Since the beginning, Coursen’s primary focus has been on the typical Napa red varietals, but he keeps an eye out for his new lineup of Rhône varietals. “When I was a kid, we ate meat and potatoes every meal, and when we didn’t have that we ate potatoes and meat. The beauty of today in the food and wine industry is that these are the golden days. We’re eating so eclectically that Cab isn’t the first choice anymore. If there are 6 people eating out at a restaurant, neither Cab nor Chardonnay will work with all 6 dishes. The Rhône varietals are much more versatile.”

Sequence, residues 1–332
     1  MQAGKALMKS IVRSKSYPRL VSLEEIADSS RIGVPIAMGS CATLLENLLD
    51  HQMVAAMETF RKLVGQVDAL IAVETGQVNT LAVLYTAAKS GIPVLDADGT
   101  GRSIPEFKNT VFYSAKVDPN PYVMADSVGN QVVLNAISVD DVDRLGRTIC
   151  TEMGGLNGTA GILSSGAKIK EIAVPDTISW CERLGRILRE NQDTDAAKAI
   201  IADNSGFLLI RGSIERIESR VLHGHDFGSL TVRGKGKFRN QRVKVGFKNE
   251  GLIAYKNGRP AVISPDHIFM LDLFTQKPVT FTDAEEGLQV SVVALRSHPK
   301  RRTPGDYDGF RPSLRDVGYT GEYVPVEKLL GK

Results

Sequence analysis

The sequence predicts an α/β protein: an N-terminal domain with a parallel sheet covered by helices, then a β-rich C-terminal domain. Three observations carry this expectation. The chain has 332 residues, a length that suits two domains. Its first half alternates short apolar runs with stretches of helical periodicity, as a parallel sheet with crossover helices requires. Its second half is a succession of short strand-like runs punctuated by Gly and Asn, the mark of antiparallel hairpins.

In closing, I asked Coursen if there was anything else he would like to share with the readers. He said, “If I had to recommend anything to young people – Experiment. Find a good wine shop with a good selection and price and start tasting. Find one salesperson and stick with him – learn through that person. I always tell my kids that if they learn about wine now, it will remain with them the rest of their lives. Our palates degrade over time, but we’ll always have that knowledge.” In the end, Coursen summed it up perfectly with the underlying philosophy that drives his passion. “It’s all about good wine, good company and good friends.”